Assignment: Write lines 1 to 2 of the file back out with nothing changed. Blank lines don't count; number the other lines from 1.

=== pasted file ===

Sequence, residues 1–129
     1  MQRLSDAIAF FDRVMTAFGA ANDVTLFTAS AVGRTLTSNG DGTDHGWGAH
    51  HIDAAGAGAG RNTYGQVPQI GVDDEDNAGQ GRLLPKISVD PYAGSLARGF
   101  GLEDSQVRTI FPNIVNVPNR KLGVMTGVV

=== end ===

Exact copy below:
Sequence, residues 1–129
     1  MQRLSDAIAF FDRVMTAFGA ANDVTLFTAS AVGRTLTSNG DGTDHGWGAH